Plant breeding and production are exposed to significant challenges that need to be urgently addressed. With less agricultural land and increasing economic pressures on input due to limited availability of, for example, water and nutrients, sustainable intensification requires plants and production systems with increased productivity per area as well as per unit of input (water, nutrients).


Adaptation of Plants to Changing Environmental Conditions

From the efficiency of the use of water, light and nutrients

Environmental changes (e.g. climate change) have a strong impact on plant production. This comprises the hampering of plant growth by extreme weather events, the occurence of novel diseases and increasing production due to elevated concentrations of carbon dioxide.Work at IBG-2 aims at strengthening plant resistance to abiotic stresses such as drought, heat and excessive light but also biotic impairments.
For this issue, researchers at IBG-2 carry out fundamental analyses on stress physiology and photosynthesis research.


Alternative Biomass Sources

New biomass as an alternative to food crops

A central limitation for the development of bioeconomy beyond food crops is the competition for land resources. Therefore, in addition to contributions to a sustainable intensification of food production, IBG-2 seeks to develop alternative biomass resources that can be used for non-food purposes.This includes specific crops that can grow on marginal or degraded land with little input and algae as a hitherto underdeveloped biomass source with a wide range of potential applications.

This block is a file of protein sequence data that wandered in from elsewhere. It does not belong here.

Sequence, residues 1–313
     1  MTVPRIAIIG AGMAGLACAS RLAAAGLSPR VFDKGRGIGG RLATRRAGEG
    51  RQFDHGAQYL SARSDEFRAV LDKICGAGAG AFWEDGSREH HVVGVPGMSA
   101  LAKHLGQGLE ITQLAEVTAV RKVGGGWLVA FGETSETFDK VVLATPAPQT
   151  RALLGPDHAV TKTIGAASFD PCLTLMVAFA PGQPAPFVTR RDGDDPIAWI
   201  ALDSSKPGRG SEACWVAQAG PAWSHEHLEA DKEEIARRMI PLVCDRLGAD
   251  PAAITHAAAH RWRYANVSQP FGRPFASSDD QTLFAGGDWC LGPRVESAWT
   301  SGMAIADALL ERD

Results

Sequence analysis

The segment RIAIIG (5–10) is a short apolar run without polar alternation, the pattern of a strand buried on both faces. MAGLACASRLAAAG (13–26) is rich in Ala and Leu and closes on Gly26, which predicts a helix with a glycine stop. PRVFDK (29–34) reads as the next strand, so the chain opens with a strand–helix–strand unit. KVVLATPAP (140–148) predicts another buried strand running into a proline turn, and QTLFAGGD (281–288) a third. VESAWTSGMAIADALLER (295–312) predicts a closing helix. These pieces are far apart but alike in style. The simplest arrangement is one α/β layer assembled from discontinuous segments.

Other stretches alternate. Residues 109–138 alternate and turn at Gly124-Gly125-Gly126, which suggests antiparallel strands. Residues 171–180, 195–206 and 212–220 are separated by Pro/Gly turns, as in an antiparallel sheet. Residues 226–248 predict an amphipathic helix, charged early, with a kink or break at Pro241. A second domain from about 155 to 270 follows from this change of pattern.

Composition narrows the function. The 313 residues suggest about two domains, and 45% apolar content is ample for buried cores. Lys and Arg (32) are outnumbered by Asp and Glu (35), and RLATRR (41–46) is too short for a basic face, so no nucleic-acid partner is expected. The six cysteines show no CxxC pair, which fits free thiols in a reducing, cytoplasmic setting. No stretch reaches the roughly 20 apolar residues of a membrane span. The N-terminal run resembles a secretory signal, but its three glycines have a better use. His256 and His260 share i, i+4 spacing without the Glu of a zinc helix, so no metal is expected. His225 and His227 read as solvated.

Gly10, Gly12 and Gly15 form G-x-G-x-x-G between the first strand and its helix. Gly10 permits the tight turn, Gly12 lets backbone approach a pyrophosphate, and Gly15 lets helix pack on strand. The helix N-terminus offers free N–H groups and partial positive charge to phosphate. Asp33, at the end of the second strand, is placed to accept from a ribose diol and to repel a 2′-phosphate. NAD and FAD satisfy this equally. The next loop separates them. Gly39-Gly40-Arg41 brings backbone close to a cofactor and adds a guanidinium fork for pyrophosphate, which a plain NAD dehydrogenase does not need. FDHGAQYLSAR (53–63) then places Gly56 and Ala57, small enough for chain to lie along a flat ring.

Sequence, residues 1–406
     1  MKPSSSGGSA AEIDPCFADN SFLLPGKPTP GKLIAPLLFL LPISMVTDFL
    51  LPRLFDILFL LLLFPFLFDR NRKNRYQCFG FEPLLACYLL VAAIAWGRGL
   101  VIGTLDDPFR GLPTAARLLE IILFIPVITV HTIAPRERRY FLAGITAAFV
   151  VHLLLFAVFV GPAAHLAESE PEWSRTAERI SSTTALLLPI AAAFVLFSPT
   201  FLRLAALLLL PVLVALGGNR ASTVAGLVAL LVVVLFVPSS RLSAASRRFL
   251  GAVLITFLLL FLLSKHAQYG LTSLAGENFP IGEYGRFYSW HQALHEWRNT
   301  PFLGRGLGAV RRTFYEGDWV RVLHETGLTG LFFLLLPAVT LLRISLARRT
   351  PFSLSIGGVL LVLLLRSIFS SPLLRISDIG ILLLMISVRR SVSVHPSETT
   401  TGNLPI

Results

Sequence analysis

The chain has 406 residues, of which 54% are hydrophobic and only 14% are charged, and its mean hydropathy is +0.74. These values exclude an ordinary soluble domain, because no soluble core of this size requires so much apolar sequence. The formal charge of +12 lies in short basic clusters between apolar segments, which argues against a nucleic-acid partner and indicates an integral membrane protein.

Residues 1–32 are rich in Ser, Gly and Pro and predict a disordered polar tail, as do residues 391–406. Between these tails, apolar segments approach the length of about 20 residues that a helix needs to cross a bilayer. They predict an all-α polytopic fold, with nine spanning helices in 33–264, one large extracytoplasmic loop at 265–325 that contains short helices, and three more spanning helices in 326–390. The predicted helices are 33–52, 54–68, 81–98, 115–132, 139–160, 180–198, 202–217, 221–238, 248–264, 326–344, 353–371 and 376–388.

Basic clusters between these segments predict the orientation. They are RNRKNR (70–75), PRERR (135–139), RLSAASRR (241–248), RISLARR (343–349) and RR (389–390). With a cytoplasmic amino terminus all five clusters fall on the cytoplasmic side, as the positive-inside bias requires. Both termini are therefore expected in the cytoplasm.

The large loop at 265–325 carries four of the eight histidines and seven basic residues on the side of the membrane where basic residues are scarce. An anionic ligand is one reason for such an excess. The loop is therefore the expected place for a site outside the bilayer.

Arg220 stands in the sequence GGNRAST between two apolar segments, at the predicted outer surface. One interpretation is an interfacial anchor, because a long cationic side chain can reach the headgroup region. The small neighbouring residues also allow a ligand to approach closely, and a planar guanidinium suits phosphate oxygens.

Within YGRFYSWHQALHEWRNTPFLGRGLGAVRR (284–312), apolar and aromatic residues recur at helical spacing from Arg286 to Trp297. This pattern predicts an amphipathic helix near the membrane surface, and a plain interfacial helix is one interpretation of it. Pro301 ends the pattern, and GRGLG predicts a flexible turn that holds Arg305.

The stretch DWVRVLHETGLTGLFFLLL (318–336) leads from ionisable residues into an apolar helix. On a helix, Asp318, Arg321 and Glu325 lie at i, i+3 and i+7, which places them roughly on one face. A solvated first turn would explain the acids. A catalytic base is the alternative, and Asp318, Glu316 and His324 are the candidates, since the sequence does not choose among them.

Integrated Systems for Bioproduction

Innovative approaches

The development of sustainable plant production has to take the technical systems into account, in which plants are produced and with which agronomic management is carried out. Via this, marked increases of resurce-use efficiency of the single plant and of plant systems (e.g. energy consumption of plant stands) can be achieved and the yield of valuable compounds can be increased.
IBG-2 develops, runs and optimises novel technical solutions and introduces them into practical application.


Technology and Knowledge Transfer

From basic research to practice and from practice to research

Among the variety of scientific questions, it is important to identify those which are promising for innovation, thus practical application. Therefore it is necessary to markedly improve the communication between application and research. IBG-2 started initiatives to encourage a bilateral transfer of knowlegde and open questions between application and research.
The competence centre for horticulture (Kompetenzzentrum Gartenbau, KoGa) is a joint facility of the University Bonn, the horticultural service of the government of Rhineland-Palatinate and of Forschungszentrum Jülich GmbH. KoGa brings together basic research, field trials and practical consulting in an unprecedented manner. Yet, prior to the official merger of FZJ with KoGa, intensive cooperations were initiated to optimise horticultural approaches.

Gewächshaus AgroHort-Phäno mit Zugang zur FreiflächeGewächshaus AgroHort-Phäno mit Zugang zur Freifläche